As for the classes, they will focus on traditional journalism, but I plan to teach a lot of social media and emerging forms of gathering news and disseminating it. Twitter as a news engine, etc.

Hopefully, it will be fun and entertaining.

If you live in the Pasadena/Clear Lake area, consider signing up. I promise you will learn a lot. At the risk of sounding cocky (what? me? really?) they are very lucky to have me.

It's an excellent opportunity one my end, too. It wouldn't have happened without a lot of nudging and help from Dr. Bernie Smiley (a.k.a "Jesus") and my brother Patrick.

And, of course, lots of encouragement and support from The Val.

Anyway, it's an exciting new opportunity. And I hope to finally get a new band together.

Maybe I can go all Rogaine and bring back that hair...

Wednesday, August 12, 2009

Say hello to my little friend...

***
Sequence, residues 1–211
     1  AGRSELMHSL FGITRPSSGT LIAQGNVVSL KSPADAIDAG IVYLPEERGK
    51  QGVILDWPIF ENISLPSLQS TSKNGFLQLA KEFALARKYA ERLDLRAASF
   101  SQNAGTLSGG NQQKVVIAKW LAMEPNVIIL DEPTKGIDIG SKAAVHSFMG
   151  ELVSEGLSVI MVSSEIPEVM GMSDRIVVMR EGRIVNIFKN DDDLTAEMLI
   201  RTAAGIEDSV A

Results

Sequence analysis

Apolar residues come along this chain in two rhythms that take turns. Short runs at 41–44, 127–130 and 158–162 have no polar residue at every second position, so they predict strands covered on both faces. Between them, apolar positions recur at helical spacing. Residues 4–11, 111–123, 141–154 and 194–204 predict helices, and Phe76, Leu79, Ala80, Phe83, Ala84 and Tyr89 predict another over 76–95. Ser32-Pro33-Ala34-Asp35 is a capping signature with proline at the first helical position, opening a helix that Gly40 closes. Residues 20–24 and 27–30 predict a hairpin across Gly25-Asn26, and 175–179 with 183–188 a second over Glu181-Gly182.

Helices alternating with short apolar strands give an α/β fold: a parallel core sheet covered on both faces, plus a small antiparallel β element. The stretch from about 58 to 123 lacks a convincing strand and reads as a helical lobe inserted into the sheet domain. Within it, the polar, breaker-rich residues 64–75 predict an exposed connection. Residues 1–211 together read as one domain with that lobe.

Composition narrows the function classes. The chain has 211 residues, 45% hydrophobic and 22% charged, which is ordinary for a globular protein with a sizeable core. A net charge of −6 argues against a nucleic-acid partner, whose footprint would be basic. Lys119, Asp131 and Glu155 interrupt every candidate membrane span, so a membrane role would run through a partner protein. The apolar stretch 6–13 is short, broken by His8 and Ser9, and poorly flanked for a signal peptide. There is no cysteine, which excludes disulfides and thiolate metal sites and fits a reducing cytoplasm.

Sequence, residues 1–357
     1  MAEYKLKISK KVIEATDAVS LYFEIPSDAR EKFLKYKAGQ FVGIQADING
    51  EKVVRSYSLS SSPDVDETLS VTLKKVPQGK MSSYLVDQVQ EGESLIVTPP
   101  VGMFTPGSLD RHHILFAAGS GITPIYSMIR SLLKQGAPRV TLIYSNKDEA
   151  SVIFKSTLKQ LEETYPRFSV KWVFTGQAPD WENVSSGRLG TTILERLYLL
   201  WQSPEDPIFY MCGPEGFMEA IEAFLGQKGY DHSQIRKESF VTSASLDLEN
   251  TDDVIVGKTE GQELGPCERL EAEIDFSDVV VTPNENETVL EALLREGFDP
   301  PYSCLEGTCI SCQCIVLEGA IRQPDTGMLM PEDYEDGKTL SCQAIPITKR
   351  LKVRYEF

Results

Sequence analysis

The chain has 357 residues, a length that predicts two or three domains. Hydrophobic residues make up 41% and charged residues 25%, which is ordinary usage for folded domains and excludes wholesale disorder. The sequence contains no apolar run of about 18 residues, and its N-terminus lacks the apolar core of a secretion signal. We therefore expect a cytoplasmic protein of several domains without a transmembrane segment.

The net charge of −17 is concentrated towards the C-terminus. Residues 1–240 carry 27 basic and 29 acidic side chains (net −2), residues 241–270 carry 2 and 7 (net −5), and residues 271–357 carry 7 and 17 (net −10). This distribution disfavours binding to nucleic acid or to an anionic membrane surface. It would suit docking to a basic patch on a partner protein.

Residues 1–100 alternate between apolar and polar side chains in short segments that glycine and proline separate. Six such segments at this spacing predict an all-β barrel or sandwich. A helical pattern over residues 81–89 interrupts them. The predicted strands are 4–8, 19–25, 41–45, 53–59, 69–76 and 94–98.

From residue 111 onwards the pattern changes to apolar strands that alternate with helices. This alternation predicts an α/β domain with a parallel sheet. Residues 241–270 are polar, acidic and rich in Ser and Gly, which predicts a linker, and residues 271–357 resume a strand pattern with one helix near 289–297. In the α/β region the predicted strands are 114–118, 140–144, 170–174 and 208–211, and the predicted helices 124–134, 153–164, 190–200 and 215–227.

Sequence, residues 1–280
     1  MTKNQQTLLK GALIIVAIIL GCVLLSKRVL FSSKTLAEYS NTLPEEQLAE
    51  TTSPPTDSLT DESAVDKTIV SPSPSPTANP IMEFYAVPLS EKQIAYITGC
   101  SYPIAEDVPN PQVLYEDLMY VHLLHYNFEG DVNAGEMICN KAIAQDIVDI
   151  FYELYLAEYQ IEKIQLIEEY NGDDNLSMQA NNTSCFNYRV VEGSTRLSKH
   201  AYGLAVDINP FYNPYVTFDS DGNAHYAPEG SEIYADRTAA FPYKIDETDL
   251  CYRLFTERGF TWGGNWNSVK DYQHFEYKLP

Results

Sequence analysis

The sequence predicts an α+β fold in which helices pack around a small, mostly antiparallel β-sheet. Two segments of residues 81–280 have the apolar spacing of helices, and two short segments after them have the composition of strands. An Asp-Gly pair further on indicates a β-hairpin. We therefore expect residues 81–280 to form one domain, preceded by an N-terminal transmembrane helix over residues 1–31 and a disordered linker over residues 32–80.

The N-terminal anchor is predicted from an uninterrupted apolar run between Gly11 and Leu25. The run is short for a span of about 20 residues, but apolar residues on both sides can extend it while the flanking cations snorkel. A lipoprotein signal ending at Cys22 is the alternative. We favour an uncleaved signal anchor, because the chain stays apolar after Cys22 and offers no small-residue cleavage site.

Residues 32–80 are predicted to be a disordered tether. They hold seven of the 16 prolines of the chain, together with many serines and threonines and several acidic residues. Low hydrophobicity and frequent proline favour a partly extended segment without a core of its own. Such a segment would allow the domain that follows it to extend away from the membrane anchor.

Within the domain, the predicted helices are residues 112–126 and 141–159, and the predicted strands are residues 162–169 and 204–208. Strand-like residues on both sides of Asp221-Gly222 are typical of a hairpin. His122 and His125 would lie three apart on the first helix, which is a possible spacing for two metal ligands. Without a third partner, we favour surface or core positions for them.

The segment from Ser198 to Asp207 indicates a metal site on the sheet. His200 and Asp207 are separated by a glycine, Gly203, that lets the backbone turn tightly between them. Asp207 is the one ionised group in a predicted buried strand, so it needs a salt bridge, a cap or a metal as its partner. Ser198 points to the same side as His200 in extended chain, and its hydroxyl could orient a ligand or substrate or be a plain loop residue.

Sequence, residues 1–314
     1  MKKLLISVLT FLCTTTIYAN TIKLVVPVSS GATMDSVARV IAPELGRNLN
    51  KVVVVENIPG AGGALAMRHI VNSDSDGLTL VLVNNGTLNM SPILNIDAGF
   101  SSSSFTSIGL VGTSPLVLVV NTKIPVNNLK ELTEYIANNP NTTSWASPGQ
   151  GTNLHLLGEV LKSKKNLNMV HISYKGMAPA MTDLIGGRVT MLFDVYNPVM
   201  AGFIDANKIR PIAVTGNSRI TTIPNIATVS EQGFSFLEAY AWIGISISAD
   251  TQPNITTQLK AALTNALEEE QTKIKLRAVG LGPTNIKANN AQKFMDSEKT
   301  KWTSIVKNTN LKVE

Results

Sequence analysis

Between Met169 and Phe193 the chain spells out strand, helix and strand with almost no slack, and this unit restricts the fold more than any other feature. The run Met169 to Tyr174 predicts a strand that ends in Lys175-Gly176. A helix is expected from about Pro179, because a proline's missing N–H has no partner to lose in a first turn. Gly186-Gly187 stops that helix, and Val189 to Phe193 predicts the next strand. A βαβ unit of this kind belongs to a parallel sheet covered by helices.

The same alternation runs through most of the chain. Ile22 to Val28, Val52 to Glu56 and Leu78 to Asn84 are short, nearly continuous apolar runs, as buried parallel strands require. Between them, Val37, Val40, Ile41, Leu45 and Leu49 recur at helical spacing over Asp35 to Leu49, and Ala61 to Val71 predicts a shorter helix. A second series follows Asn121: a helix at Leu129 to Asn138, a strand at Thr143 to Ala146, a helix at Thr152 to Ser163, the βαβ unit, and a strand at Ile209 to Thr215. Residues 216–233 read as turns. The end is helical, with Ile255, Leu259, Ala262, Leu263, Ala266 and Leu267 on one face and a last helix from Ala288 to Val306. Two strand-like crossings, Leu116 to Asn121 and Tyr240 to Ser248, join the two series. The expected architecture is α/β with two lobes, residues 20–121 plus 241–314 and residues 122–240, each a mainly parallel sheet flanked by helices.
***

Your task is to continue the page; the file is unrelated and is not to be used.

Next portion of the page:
My apologies for the lack of posts here recently. No real excuses, other than I just haven't had anything funny. That and a bit of writer's block. And a lot of effort going in to pissing off all the college football fans on my examiner column.

That, plus Twitter, Facebook updates, updating the Web life has been pretty boring lately. (Although hopefully there will be a major announcement any day now that will reinvigorate my freak encounters).

However, my new neighbor qualifies as a freak encounter, even though I have not met him/her/them yet.

No one has lived near me for almost a year; Ike wiped out most of my building, so I have gotten used to peace and quiet.

The past few nights, the familiar "thump, thump, thump" of a stereo returned, so I knew I finally had a new neighbor below me.

The thumping got steadily louder each night. One night, I fired back with some tunes on the computer. This went back and forth for a couple nights.

Finally, however, the war escalated. I could hear Kanye's voice over my TV.